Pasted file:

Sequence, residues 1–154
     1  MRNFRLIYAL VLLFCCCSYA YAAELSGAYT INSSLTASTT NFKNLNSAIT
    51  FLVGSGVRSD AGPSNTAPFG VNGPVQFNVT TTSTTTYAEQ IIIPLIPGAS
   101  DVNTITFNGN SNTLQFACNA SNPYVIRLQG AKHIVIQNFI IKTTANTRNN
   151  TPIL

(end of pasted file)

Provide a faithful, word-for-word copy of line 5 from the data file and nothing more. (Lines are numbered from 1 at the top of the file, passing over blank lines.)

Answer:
   151  TPIL